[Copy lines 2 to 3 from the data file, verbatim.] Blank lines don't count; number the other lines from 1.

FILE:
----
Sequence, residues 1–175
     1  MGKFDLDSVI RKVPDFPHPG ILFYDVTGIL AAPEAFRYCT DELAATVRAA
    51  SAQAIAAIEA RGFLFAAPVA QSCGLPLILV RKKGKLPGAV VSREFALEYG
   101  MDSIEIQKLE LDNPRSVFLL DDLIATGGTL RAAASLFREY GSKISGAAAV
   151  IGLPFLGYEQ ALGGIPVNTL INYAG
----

     1  MGKFDLDSVI RKVPDFPHPG ILFYDVTGIL AAPEAFRYCT DELAATVRAA
    51  SAQAIAAIEA RGFLFAAPVA QSCGLPLILV RKKGKLPGAV VSREFALEYG